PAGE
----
As a Social Worker, I believe my main mission includes advocating for and empowering patients. The DBH degree will allow me to fully integrate the “medical side of the house” with the “behavioral health side”. My experience working side-by-side with medical providers (PCM’s, ED docs, Hospitalists, etc…) has shown that most of them do not understand behavioral health issues nor how medical symptoms or diagnoses can effect a patients’ mental health and vice-versa. Alternatively, I have worked with a multitude of behavioral health providers who have very limited knowledge of how medical issues might affect their clients. I have often wondered how many patients I have had who were diagnosed with depression or anxiety or other DSM-V diagnosis when in reality the origin was medical. Earning a DBH will allow me to push the envelope when it comes to consulting with medical providers and promote the inclusion of “behavioral healthcare” within “healthcare” as its ALL healthcare! As Mahatma Ghandi said “be the change you wish to see in the world”; earning a DBH will enhance my ability to “change the world” – even if it’s one medical provider or one patient at a time.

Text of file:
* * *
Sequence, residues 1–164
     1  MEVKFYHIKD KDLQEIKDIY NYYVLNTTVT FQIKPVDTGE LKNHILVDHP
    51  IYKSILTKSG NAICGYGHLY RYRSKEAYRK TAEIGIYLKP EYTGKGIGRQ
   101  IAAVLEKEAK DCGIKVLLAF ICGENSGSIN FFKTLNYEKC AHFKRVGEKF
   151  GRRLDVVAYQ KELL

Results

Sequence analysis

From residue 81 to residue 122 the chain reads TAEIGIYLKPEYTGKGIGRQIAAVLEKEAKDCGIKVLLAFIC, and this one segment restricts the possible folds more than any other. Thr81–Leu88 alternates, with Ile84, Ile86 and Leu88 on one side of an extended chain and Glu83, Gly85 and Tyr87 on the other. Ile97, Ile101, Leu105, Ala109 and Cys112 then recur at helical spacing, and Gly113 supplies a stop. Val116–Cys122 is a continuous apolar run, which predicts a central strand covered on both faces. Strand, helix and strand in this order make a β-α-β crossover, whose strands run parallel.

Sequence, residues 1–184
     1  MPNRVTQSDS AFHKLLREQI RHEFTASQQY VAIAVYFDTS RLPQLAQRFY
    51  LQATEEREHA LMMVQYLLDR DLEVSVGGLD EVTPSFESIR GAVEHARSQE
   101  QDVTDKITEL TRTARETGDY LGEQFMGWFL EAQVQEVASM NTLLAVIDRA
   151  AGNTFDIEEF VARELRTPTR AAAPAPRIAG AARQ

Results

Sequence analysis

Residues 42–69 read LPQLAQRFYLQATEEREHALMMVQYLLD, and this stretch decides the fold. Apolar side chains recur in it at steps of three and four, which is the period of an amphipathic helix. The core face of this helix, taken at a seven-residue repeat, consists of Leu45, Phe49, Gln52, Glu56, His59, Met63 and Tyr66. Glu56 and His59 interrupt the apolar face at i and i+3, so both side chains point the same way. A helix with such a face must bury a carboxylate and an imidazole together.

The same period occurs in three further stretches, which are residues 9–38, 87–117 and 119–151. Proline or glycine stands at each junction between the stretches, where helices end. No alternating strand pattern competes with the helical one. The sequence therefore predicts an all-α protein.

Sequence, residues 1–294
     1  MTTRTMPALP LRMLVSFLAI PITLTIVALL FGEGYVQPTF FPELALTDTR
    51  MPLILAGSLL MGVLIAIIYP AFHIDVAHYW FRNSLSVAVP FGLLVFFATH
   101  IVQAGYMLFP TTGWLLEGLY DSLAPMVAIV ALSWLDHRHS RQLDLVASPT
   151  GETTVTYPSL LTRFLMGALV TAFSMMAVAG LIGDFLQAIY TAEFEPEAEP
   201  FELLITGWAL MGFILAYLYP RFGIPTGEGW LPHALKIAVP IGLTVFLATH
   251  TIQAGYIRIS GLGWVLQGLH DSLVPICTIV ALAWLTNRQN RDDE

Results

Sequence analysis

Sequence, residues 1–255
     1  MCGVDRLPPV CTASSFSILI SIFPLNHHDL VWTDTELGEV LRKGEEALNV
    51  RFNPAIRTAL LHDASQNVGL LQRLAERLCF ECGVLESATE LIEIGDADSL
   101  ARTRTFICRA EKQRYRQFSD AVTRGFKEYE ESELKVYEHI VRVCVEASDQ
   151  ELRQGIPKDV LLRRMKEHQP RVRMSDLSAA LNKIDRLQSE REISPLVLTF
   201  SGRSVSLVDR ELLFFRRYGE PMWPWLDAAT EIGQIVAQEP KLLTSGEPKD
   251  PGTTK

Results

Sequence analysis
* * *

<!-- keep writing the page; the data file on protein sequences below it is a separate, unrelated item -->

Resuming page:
My friend and I were talking about the challenges and frustrations that we face daily in our careers with the clear divide between mental health and physical health and how we wished we had the knowledge and skills to shake up healthcare and bridge the gap. She brought up researching doctorate programs and how interested she was in the DBH. My reponse was, “What on earth is a DBH?” She laughed and said it was a newer doctorate degree in behavioral health, that focused directly on integrated care and doing exactly what we were dreaming of doing….shaking up healthcare and bridging the gap and treating the person as a whole. I had a hard time believing her. It sounded too good to be true. How was there a degree out there that fit my goals and aspirations to a T without me knowing about it? I had been looking periodically throughout my 20 year journey in behavioral health for a program that resonated with me. It was here all this time? How had I missed it? I immediately spent hours scouring the internet to find any crumb of information that I could about the Doctorate of Behavioral Health and the programs associated with it. Then I hit the jackpot. I found the Cummings Graduate Institute for Behavioral Health Studies.